The Language of Flowers by Vanessa Diffenbaugh

The Language of Flowers  was billed to me as the Eat, Pray, Love of 2011. As someone who considers ‘women’s literature’ an often narrow and boring genre, chick lit dressed up as literature, I only read LoF because it was the subject of an intense and expensive auction and probably deserved my attention. A bookseller should always be on top of the bestsellers, even if they are not to one’s tastes.

It has taken me several months to actually finish Language, as it has been on my pile of books to be read when I am going to bed and need something to nudge me into sleep. This isn’t the first time a book on that pile surprised me (The Borrower being a good example). Briefly, Language is the story of Victoria, a young woman of nineteen who has been shunted from foster home to orphanage most of her life. Her one positive home is ruined and she carries the pain of that separation with her. Understandably flawed, scarred and solitary, Victoria has grown up with the Victorian language of flowers as her primary form of communication. It is also the only one she is honest in.  (There is a nifty flower dictionary at the back of the book. Its a nice touch.)Discovered by a florist, she comes to meet someone from her past, and must deal with her love for him, the mother she lost and her own trials in trying to make it in a world she fundamentally mistrusts.

It is in parts deeply touching and vividly descriptive; Victoria’s own struggle with her newborn and the desperate feeling of failure seems like something I might feel if I were nineteen and a single, poor and confused mother. It is an easy read; if I hadn’t come across more books to my taste in the intervening months, I might have finished this in a day or two. It is much more in line with the Jodi Picoult fan base: well-developed main character faces dilemmas in a miserable way and solves them. It is predictable but honest, and I am only not raving about it because it really isn’t to my tastes. It didn’t make me think about anything or inspire me to write. However, I feel that in the genre it is in it is a worthwhile choice and still worth a read by anyone who enjoys stories of growth, redemption, family and all those things that the book blurbs say. It focuses on family and handles it well; I feel that Victoria herself can get a bit overdramatic in her ‘I hate the world, it hates me, I am toxic’ thought processes; maybe a third person narrator would have eased that off a bit.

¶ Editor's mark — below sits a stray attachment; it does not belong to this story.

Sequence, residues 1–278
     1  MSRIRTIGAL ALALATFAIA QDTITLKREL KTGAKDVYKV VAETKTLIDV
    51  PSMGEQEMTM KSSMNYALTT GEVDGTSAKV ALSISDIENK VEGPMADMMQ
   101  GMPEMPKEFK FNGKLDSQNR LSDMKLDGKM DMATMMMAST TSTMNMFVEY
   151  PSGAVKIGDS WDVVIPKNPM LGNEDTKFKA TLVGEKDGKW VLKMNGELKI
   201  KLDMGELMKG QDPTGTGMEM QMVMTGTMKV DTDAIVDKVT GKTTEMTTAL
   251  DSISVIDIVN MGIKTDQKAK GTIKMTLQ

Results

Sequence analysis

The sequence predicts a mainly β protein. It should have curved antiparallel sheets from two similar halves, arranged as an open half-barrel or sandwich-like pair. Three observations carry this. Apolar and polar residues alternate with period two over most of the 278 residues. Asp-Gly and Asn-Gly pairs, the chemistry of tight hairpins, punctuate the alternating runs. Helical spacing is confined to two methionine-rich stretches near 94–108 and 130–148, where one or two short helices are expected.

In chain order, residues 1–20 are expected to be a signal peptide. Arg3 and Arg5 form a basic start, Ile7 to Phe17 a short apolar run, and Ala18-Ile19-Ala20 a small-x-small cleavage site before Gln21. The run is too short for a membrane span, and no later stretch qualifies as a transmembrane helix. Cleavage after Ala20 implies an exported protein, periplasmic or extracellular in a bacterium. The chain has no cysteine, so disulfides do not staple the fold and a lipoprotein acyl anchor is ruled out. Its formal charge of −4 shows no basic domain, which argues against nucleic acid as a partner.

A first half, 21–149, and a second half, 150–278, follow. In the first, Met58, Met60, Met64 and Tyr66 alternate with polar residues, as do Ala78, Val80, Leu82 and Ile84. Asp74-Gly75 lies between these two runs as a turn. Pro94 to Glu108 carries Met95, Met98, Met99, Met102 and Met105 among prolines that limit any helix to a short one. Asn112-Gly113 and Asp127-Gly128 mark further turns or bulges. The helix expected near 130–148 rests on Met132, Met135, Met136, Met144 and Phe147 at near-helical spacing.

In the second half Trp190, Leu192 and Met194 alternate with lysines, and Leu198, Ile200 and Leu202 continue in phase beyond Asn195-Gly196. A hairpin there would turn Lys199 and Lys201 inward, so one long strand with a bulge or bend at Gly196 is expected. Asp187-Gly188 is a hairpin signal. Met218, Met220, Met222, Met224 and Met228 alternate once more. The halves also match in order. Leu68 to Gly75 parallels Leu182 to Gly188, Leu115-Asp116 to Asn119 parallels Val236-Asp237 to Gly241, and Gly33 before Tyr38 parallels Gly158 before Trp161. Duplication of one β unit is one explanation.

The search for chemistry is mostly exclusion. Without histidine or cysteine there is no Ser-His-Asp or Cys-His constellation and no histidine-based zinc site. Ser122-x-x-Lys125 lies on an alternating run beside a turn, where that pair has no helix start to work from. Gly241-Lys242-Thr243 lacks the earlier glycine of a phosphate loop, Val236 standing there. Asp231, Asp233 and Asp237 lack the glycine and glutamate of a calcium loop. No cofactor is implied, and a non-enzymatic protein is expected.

But again, the book’s sales have been excellent, and I recognise that it my tastes and not the book’s content that keeps it out of my top 50 list.

Watch the book trailer here on YouTube!

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